NASA has developed a novel instrument that will attempt to measure atmospheric greenhouse gases from an occultation-viewing, low-Earth-orbiting CubeSat mission, called Mini-Carb. The instrument has already proven its mettle on field campaigns.
Emily Wilson, a scientist at NASA’s Goddard Space Flight Center in Maryland, will try to fly a smaller version of her patented mini-Laser Heterodyne Radiometer on an LLNL-built CubeSat platform early next year.
The Mini-Carb is built of commercially available components and can gather measurements from everywhere.
NASA will try to use this instrument in something it is doing for a long time, but it has never used laser heterodyne radiometer: measuring carbon dioxide from space.
The LHRs were adapted from radio receiver technology. The current version measures the absorption of infrared sunlight by greenhouse gases to find out their concentration. Asorbtions signals are mixed with laser light in the LHRs to achieve the easier-to-process radio frequencies of the signal.
Additionally, the mini-LHR is a very compact device and has no moving parts, what makes it very durable. It is able to measure the concentration of three different gases” carbon dioxide, water vapor and methane in Earth’s atmospheric limb. The last benefit of the instrument is its cost. It costs a small fraction to build compared with more traditional, non-CubeSat instruments.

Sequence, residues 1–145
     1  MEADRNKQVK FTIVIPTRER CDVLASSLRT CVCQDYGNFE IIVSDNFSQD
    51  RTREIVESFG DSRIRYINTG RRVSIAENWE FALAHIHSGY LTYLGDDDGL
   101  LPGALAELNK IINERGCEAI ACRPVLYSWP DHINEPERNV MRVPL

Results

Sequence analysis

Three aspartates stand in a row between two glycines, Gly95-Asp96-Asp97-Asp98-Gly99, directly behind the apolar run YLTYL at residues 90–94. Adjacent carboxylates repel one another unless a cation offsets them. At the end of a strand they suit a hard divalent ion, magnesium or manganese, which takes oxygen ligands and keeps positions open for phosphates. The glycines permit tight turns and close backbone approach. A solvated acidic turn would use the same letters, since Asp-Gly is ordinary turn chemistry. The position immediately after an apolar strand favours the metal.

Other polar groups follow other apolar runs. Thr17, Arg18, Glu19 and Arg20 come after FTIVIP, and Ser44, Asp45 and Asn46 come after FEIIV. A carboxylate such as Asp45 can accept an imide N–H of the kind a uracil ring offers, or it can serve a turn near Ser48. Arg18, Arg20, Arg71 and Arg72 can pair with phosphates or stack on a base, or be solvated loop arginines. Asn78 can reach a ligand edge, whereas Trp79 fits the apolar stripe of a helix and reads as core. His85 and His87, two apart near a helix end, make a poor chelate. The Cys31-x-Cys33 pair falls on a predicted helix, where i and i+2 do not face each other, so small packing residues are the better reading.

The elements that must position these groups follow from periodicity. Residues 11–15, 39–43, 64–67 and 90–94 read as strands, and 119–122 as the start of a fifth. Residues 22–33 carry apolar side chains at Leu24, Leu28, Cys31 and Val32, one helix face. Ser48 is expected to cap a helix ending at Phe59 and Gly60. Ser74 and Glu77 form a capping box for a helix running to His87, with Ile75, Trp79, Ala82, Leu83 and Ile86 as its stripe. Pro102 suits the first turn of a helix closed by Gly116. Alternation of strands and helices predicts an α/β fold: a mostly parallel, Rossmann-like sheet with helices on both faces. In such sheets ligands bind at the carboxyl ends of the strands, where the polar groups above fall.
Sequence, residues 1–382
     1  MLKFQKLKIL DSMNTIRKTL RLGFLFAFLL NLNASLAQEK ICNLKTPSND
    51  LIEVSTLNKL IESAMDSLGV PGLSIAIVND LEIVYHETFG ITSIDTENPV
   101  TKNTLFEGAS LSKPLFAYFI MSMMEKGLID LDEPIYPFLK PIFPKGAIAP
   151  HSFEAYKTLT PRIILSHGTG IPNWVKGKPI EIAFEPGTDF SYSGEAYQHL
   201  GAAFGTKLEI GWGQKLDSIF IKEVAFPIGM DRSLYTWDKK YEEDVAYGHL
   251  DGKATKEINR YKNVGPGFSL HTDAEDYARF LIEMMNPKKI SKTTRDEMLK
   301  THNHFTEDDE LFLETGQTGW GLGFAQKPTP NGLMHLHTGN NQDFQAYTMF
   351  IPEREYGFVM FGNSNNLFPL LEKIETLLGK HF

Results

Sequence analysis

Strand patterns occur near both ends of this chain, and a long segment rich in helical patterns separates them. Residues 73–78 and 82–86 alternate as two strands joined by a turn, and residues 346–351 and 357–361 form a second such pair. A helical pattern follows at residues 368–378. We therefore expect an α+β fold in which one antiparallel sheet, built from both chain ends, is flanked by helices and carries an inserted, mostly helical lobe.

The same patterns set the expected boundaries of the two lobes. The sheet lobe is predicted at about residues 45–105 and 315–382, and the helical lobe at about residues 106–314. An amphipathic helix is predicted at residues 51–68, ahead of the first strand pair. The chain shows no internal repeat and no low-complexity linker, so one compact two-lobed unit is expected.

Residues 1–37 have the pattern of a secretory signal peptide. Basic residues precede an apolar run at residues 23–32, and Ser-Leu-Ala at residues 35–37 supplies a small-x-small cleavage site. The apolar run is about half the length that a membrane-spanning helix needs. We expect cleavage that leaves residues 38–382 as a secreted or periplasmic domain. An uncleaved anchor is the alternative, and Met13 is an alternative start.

The Mini-Carb is about the size of a brick and will fly as the only payload on 11-pound 6U CubeSat bus. The bus offers users a plug-and-play capability that allows for rapid configuration and integration.
Once the Mini-Carb arrives in orbit, will start observing the region between the upper troposphere to the lower stratosphere between six and 18 miles above the surface of the Earth. Collected information will help us understand how increasing greenhouse gas concentrations affect stratospheric circulation.
Additionally, the device could be used in studying the atmospheric conditions on other planets.